“You just call out my name

And you know wherever I am

I’ll come runnin’

To see you again

Winter, spring, summer or fall

All you have to do is call

And I’ll be there

You’ve got a friend…”

— -Carole King, 1971 (Tapestry)

Kyle Beach is still waiting, and has been, for almost a dozen years.

For a friend.

For someone to listen to him.

To commiserate with him.

And to help him.

He was a 20-year-old young man, away from home.

The eleventh overall pick in the 2008 NHL Entry Draft, selected by the Chicago Blackhawks…

No acknowledgment.

No empathy.

No support system.

No accountability.

No nothing.

And certainly, no ‘call out’ of his name, which was John Doe, until he went public as Kyle Beach.

It was left to Kyle Beach to endure alone behind the scenes, until ultimately, he took the bull by the horns in a seismographic upset of the NHL applecart.

Lessons to be learned:

No go for the status quo;

Old boys’ hush-hush fraternity hopefully, up in smoke;

Change must be effected, post-haste; and

A human being’s welfare and life are far more important than a Stanley Cup championship.

Beach, now 31, bravely and publicly made his claim that he was sexually assaulted by one-time Blackhawks video coach Brad Aldrich, last week on TSN “SportsCentre.”

This well-publicized admission was more than 11 years after he first informed Blackhawks management that Aldrich victimized him in the late stages of the club’s successful 2010 Cup run.

The Blackhawks egregiously and horrifically failed Beach then, and for the 11-plus years following, prior to his filing suit against the organization in May.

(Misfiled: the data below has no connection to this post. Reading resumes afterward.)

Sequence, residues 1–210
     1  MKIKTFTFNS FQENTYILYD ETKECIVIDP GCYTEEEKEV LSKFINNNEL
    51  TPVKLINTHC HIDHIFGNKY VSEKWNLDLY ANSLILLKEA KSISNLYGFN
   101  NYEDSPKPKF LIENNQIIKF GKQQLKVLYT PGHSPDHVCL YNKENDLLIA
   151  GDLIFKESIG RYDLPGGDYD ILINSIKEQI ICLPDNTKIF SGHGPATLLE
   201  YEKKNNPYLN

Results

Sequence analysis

Based on Chicago’s internal investigation and report — which included 139 witnesses interviewed over four months — management wittingly dragged its feet with respect to dealing with Aldrich, in the thick of the race to capture Lord Stanley’s hardware.

Winning was more important.


There’s more.

Much more.

To fan the flames of an already incendiary circumstance, when they decided to address the situation — three weeks later, with the Cup in tow — the Blackhawks allowed Aldrich to resign, rather than be investigated.

Wrong move.

This ill-advised free pass allowed Aldrich to secure future employment with hockey teams at both Miami University (Ohio) and a high school in Houghton, Michigan.

He was quietly given the gate in Chicago, his alleged assault kept clandestine, and his name engraved on the Cup.

And so, what do you think happened next?

Don’t have to be a Philadelphia lawyer to figure that out.

More cases of alleged sexual abuse of other young hockey players, lodged against Aldrich — including a conviction.







There is so much wrongdoing here, you need a scorecard to keep track.

Both sides of the scorecard.

According to Beach in his TSN interview, GM Stan Bowman, his right-hand man Al MacIsaac, and five other high-ranking Blackhawks officials, including then-coach Joel Quenneville, were all made privy to his accusations at a May 23, 2010 meeting.

The meeting took place immediately following Chicago’s win over San Jose, which clinched a berth in the Stanley Cup Final.

Team president John McDonough — whom Bowman thought would “handle” the situation — was also present.

Beach told TSN reporter Rick Westhead that Quenneville advised Bowman — which the investigation made clear — that he felt the timing was inopportune to address Beach’s claims because, “it was hard for the team to get to where they were and they could not deal with the issue now.”